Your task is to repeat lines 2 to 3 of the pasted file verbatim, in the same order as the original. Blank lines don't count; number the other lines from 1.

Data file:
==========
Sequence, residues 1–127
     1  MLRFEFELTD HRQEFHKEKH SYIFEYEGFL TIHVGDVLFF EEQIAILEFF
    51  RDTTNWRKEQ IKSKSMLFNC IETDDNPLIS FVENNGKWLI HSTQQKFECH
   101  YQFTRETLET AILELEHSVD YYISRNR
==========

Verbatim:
     1  MLRFEFELTD HRQEFHKEKH SYIFEYEGFL TIHVGDVLFF EEQIAILEFF
    51  RDTTNWRKEQ IKSKSMLFNC IETDDNPLIS FVENNGKWLI HSTQQKFECH